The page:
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These Buckeyes don't always have to go to Jared

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PITTSBURGH -- It's always Jared this. And Sully that.

Wouldn't you get tired of hearing that if you, too, were Jared Sullinger's teammates at Ohio State?

Yes, he's a big man, a powerful player, and a name that has become synonymous with the Buckeyes program, a beneficiary of the college basketball hype machine.

You see the big guy, baby?

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But the other Buckeyes want to show that this is far more than just Sullinger's team. That's what the past three days have been for the second-seeded Buckeyes in the East Regional of the NCAA tournament: Showing they are far more than just a one-man band.

To be blunt about it, the lead act didn't play a big part as the rest of the gang picked up the slack Saturday to lead the Buckeyes to a tough 73-66 victory over seventh-seeded Gonzaga and advance to the Sweet 16.

"Everybody thought it was just him," Buckeyes forward Deshaun Thomas said. "Players like me stepped up. Sully is a big target. He's our man. He's our guy. It's hard to focus on one guy. I want to show them [we're more than one man]. And we did."

That's why this team is a legitimate contender to win it all.

Sullinger had 18 points, including two key baskets late, but was limited to 26 minutes because of foul trouble.

That put more into the hands of Thomas, a smooth 6-7 forward who was the star of the weekend, and Aaron Craft, the tenacious point guard with a baby face and red cheeks.

Thomas had 18 points to go with the career-high 31 he had in Thursday night's victory over Loyola, Md. He has a nice touch from the outside, can get to the basket and he's athletic. In fact, he might end up with better NBA chances than the slow-footed Sullinger, who doesn't exactly jump out of the gym. Crazy? Don't laugh.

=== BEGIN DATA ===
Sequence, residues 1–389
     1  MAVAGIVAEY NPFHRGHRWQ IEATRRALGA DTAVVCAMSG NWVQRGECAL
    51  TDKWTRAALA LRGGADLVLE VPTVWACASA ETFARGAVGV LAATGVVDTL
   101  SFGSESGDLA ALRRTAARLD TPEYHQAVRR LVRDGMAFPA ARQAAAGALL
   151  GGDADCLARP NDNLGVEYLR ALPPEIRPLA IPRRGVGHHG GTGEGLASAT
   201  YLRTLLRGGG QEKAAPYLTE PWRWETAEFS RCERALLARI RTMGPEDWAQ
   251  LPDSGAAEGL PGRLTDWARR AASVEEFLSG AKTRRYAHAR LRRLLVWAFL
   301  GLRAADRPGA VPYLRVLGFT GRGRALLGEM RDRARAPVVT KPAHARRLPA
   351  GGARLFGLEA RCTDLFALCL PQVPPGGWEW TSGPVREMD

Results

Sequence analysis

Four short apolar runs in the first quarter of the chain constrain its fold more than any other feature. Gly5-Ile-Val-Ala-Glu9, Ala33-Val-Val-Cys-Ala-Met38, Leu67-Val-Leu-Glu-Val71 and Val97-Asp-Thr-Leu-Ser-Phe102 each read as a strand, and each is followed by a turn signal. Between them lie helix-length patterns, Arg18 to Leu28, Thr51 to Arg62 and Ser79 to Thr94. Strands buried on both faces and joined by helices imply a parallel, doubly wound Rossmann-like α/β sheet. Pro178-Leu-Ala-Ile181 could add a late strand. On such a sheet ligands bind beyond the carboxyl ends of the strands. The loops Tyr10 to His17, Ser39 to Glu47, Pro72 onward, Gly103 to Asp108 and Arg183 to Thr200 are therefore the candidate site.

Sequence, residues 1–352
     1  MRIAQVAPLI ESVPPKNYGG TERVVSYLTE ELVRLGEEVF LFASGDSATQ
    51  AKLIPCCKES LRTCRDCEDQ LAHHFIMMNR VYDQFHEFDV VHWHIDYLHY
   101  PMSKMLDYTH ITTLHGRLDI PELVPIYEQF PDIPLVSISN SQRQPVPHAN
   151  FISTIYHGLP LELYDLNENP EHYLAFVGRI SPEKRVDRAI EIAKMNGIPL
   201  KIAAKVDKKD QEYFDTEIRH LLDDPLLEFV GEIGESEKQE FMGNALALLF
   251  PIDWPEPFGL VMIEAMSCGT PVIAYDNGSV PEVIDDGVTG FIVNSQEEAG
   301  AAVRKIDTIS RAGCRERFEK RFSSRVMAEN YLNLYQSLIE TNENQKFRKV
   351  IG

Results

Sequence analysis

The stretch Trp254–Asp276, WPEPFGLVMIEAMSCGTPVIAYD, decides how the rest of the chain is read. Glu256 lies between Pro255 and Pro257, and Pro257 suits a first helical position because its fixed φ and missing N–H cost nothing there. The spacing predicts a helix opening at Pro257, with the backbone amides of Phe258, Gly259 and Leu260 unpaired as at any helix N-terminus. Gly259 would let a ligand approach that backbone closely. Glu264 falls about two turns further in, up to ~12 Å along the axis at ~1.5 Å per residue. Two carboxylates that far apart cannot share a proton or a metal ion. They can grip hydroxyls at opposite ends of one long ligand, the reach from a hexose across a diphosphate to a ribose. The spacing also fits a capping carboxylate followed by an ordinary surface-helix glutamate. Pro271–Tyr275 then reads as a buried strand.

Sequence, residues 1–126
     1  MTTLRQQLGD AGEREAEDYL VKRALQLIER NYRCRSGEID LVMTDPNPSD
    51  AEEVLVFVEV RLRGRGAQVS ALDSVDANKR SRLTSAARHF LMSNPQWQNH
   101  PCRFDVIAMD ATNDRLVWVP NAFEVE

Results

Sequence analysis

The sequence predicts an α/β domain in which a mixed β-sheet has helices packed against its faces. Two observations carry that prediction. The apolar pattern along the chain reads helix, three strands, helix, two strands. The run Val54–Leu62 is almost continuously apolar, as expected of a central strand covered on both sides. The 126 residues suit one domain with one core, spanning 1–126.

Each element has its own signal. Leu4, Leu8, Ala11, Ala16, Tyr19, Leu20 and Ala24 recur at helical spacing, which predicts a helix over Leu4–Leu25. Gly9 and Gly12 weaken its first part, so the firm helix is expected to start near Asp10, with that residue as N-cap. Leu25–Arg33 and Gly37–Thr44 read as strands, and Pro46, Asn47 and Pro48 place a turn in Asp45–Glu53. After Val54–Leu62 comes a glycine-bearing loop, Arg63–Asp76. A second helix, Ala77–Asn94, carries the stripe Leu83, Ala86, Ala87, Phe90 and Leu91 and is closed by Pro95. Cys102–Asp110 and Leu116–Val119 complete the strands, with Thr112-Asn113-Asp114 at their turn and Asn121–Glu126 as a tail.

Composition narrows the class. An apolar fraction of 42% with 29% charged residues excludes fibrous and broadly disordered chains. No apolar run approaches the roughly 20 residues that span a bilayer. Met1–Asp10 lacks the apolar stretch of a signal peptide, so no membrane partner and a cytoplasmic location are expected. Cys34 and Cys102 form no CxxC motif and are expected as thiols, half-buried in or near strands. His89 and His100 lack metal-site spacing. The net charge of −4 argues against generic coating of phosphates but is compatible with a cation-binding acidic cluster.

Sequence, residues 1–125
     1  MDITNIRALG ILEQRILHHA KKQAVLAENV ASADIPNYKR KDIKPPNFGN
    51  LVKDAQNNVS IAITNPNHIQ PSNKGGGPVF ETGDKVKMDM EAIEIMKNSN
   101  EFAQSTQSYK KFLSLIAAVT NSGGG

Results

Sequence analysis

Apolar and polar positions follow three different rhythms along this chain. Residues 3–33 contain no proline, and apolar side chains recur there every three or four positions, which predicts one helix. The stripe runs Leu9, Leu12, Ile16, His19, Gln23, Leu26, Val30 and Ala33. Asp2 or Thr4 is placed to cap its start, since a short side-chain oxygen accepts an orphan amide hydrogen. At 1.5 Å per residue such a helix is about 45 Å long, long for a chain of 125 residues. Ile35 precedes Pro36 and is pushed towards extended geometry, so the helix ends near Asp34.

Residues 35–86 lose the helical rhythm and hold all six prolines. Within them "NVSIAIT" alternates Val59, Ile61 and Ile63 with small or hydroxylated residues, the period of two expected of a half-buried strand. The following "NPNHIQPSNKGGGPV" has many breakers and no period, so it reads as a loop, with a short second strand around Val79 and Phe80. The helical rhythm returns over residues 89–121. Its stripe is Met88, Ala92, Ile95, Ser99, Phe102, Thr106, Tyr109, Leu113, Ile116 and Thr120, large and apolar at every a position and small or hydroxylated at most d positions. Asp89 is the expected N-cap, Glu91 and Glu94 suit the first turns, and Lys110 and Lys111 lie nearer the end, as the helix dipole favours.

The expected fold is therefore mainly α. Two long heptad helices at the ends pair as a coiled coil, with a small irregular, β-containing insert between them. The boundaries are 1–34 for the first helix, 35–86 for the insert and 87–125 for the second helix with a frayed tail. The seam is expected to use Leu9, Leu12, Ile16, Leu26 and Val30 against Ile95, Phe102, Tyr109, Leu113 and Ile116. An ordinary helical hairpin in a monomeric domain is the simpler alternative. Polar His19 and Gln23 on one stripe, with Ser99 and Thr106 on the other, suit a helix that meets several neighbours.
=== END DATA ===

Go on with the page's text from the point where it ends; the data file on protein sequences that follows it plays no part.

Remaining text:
As for Craft, he's the tough-minded point guard who defends as well as any college player in the country. But against Gonzaga, he was much more than that. He was the tempo setter.

Craft finished with his first double-double, getting 17 points and 10 assists. It was his ability to beat the Gonzaga guards off the dribble that forced the Bulldogs to switch to a zone, something they rarely do.

"He's the heart and soul of this team," Thomas said of Craft.

It was Craft's matchup with Gonzaga freshman guard Kevin Pangos that set the tempo for the game. Pangos finished 3 for 13 with 10 points as Craft hounded him all night long.

"He's the guy who makes their team go and can score in a variety of ways," Craft said. "It was fun matchup. It's always great to go up against another great guard, and he's one of them."

Craft isn't the type of player to toot his own horn, but his coach didn't hold back.

"There is nobody better [playing defense] in college basketball," Buckeyes coach Thad Matta said.

The Buckeyes needed great defense down the stretch. After leading by 10 with 9:05 left, Gonzaga tied it at 61 with 4:03 left on a 3-point shot by Elias Harris. Gonzaga scored one more basket the rest of the way, that on a 3-point heave in the final seconds.

That's suffocating defense.

It helped that the lead actor took over his role, too. Sullinger made a tough shot to put the Buckeyes up 63-61, made another jumper to make it 66-61 and had two free throws after that.

After his jump shot went down, Gonzaga called timeout and Sullinger raced to the other end where he flexed and posed and screamed to the crowd.

"He's a great player, maybe the best in the country," Buckeyes guard Lenzelle Smith Jr. said about Sullinger. "Some of the stuff he does overshadows maybe the minor things we do. At the end of the day, we're all chipping in to make sure we win the game. People that know basketball know that t takes five guys. We kind of don't get into that stuff."

I pointed over to Thomas, sitting across from him.

"He did," I told him.

"DeShaun's DeShaun," Smith said. "I'm not sure what DeShaun says or what he had to say about it. I know, for me, we're lucky to have him."

They sure are, but if this team is going to win a title, it's the supporting cast that will make it happen.

Jared who? Isn't he some guy that makes sub commercials?


Pete Prisco has covered the NFL for three decades, including working as a beat reporter in Jacksonville for the Jaguars. He hosted his own radio show for seven years, and is the self-anointed star of CBS Sports' show, Eye on Football. When he's not watching game tape, you can find Pete on Twitter or dreaming of an Arizona State national title in football.
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